Driving brings out the devil in men but the angel in women
New research suggests women may be better drivers than men after all. It reveals that men are twice as likely as women to have a motoring conviction, with male teenagers four times as likely as female teenagers to have one.
Diamond, a direct insurer specialising in car insurance for women, looked at the motoring convictions over the last year to see which ones are the most common and if there is a difference between the sexes. While speeding is by far the most common conviction for both men and women, only 6.1% of women have been caught speeding in the last year compared with 11.6% of men.
Diamond's managing director, Sian Lewis, said: "I'm not really surprised so many more men are caught speeding than women. Male drivers tend to be more aggressive than women, and are more likely to be involved in a serious accident."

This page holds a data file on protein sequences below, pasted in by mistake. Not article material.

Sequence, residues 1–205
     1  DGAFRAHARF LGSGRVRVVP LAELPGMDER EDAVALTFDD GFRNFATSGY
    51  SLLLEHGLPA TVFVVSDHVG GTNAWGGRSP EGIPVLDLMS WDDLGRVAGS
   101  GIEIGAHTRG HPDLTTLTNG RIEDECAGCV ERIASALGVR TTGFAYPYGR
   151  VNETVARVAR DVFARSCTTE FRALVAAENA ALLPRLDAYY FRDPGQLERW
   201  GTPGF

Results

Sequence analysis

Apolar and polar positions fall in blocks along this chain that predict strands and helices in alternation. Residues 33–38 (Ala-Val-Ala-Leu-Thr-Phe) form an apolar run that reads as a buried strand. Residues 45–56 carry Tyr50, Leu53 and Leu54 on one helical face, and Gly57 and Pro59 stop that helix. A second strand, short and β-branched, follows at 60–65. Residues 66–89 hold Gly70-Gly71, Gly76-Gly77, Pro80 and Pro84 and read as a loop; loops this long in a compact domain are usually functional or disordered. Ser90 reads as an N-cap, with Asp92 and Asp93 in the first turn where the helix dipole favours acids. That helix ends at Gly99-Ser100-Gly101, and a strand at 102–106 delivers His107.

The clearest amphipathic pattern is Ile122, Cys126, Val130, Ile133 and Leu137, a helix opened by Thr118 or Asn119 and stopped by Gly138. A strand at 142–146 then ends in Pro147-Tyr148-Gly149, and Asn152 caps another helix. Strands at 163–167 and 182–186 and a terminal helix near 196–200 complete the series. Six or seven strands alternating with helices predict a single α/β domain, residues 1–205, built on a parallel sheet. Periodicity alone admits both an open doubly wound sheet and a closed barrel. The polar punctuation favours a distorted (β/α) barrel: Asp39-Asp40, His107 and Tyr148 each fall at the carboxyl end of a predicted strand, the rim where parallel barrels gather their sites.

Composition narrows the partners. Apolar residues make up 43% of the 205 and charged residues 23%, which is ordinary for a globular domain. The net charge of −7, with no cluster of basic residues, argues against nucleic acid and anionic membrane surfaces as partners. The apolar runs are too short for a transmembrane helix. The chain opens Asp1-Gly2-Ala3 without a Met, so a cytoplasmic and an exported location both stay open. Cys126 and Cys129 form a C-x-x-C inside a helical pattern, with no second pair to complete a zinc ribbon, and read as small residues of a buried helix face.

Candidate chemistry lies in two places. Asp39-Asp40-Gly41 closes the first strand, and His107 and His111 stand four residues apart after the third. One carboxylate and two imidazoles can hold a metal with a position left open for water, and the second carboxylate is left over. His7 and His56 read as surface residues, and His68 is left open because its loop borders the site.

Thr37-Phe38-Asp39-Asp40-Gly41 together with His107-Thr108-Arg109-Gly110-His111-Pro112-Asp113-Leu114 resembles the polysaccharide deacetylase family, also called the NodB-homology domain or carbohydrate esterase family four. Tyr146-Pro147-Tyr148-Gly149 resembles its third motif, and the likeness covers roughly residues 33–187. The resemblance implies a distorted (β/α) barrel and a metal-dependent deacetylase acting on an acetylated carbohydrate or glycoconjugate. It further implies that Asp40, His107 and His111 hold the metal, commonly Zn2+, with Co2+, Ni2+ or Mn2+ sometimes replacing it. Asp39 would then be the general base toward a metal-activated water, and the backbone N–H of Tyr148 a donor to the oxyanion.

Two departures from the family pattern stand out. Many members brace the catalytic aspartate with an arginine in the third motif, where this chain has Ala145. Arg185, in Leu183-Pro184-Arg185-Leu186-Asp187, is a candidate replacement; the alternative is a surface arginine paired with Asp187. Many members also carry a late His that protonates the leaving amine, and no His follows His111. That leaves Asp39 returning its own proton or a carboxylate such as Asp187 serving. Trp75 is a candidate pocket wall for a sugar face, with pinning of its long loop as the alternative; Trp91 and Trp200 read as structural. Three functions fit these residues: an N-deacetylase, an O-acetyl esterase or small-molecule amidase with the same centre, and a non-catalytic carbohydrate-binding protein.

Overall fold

Diamond's research also reveals there are differences between the sexes when it comes to breaking other laws:
- Men are twice as
likely as women to drive through a red light.
- Men are three times more likely than women to be
convicted of careless
- Men are four times more likely than women to drive
- Men are six times more likely than women to be caught drink driving.
Diamond has also produced a table of the ten most common motoring offences committed in the last year. It reveals that speeding accounts for more convictions than the next nine most common added together.
|Position||Motoring Conviction||Percentage of drivers with conviction|
|2nd||Offence at a traffic signal||0.67%|
|5th||Driving without insurance||0.21%|
|6th||Offence at a pedestrian crossing||0.12%|
|7th||Driving a defective vehicle||0.10%|
|8th||Driving without a licence||0.06%|
|10th||Failing to stop following an accident||0.04%|
Sian Lewis, continued: "There are now 4,500 speed cameras on our roads so it is no wonder that speeding is the most commonly broken law. Now there are reports that the government is considering reducing the number of points a motorist caught speeding receives from three to two. This suggests they consider it less severe than other convictions."
Diamond also looked at the percentage of motorists in different age groups that have received a motoring conviction in the last year. It found that motorists aged 26-40 were the most likely to break the law, while surprisingly teenage motorists were the least likely.